TestQuality Blog

Strategy for Test Automation – User Guidelines

Getting Started
Companies are increasingly implementing Test Automation to address problems and shorten product time to market. However, in order for test automation efforts to be effective and have a good return on investment due to implementing testing, the team should collaborate to develop a Test Automation Strategy.

There are important advantages of implementing Automation Testing for an effetive product release. A solid test automation strategy identifies tools, frameworks and ways of creating and keeping reusable automated scripts. It is most successful when your whole team understands it, as they are the people who will apply it. Automation testing may give important investment returns such as reduced market time and faster tests, but it takes a lot of time and work and without first developing a test automation plan you don't want to immerse yourself in building automated scripts.

Your testing strategy has to outline how you perform automation, who will write it, when will you execute it and which environments will you utilize. It outlines completely what your test automation initiative is about, why, when, how and where. Let us lay out what your test automation plan.

1. Identify your goal: Your Why

The first thing you should establish is why you develop your test automation approach. Why would you like automated testing? What is the goal of developing automatic programs that you test? You may have a number of goals in mind, for example marketing your product more quickly. These may be accomplished through test automation.

Other test automation objectives could be:

  1. Automated testing for features built in the same sprint.
  2. Manual testing reduction. If many regression tests take longer to perform, automated testing reduces the time it takes to do the regression test.
  3. Enhance software test coverage. This may be done by automating many distinct scenarios and by using a data driven approach, it can be done easier and quicker.
  4. Transition from waterfall to agile and continuous testing in the delivery of software.

These are some of your objectives for test automation along with many more reasons, that will assist you in your goal to determine the tools, methods, team members and technology you will utilize. This objective will drive everything else in your test automation approach.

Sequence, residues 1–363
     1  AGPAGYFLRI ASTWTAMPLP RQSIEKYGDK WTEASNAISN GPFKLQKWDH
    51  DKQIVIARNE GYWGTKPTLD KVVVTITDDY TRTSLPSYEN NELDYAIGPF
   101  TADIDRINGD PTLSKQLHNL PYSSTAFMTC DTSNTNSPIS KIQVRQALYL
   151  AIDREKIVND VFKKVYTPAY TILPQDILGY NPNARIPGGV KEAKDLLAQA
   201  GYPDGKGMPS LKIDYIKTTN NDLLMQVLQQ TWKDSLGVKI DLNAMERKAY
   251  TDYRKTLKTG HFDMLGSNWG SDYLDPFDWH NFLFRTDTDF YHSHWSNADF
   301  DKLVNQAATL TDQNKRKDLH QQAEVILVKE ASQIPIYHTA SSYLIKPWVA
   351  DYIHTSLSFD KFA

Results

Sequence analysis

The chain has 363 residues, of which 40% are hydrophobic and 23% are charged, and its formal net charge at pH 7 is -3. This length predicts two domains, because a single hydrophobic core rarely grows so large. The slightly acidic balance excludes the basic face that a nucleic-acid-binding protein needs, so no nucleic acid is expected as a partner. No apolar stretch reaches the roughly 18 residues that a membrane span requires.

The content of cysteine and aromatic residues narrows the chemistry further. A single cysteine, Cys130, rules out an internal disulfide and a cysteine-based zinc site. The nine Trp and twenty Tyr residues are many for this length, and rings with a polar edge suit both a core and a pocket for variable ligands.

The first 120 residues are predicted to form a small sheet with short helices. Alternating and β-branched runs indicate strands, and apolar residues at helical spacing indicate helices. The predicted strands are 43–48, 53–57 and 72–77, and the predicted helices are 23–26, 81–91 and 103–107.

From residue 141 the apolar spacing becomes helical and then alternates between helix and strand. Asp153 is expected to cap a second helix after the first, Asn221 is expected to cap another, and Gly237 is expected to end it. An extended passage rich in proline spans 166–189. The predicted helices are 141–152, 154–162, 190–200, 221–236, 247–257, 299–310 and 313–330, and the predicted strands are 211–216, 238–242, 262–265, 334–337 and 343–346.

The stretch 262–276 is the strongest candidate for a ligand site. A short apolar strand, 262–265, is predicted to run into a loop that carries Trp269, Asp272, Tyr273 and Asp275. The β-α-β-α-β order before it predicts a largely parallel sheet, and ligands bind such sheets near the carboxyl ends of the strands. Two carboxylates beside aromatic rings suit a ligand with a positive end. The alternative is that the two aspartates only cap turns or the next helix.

2. Define the test team members: Your Who

The script for test automation does not write itself. You'll need a team to write, run, check for errors, update, produce reports, keep records, perform regression tests, etc. All these are highly essential elements and a focused team is needed to achieve this. Without a correct mix of manual and automated testers to balance what is automated and what is still to be tested in every sprint, your team will be overloaded and unable to achieve the goal you have set for test automation.
Other considerations about who's going to be on your team:

  1. Is training required for your team members and on what should they be trained? If you plan to move manual testers to automatic testers, they need to know the programming language, locator strategy, coding best practice such as page object patterns and atomic testing, along with the specific tools and frameworks that you choose to use for the test automation.
  2. Do you have employees or do you need to employ the appropriate people? Begin to think about the job description. The qualifications, information, technology and procedures you need to know.
  3. Test automation support. Are you going to build particular test automation tickets? Will the successive sprints contain them? Are you supported by a Project Manager? Is the test automation effort supported by the company as a whole such that it will not be difficult to set up environments and create apps for test automation?

The right group of individuals with the required expertise and skills will enrich the chosen test automation strategy.

3. Decide what to Automate: Your What

Deciding what to automate helps you to focus on the important areas that will provide the highest return of investment. Getting right inside without a strategy plan on what you will automate and how much time and other resources you will need within the test automation pyramid, might end up in wasted efforts. Think about the objective when deciding what to automate and make sure you connect what you automate with the goal. For example, if your aim was to automate more regression tests, then the regression suite/features that currently exist in the production will be given priority for automation tests.
Look at these new features and try to figure out which features can be automated if you want to automate new features in the sprint. I usually have a useful technique about what you might need to automate. This is the overview of the high level: